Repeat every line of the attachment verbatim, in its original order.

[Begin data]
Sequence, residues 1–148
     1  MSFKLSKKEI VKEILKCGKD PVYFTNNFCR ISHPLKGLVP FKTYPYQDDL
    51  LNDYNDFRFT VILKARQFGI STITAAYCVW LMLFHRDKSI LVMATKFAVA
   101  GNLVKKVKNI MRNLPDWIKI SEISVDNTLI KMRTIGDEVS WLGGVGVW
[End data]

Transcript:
Sequence, residues 1–148
     1  MSFKLSKKEI VKEILKCGKD PVYFTNNFCR ISHPLKGLVP FKTYPYQDDL
    51  LNDYNDFRFT VILKARQFGI STITAAYCVW LMLFHRDKSI LVMATKFAVA
   101  GNLVKKVKNI MRNLPDWIKI SEISVDNTLI KMRTIGDEVS WLGGVGVW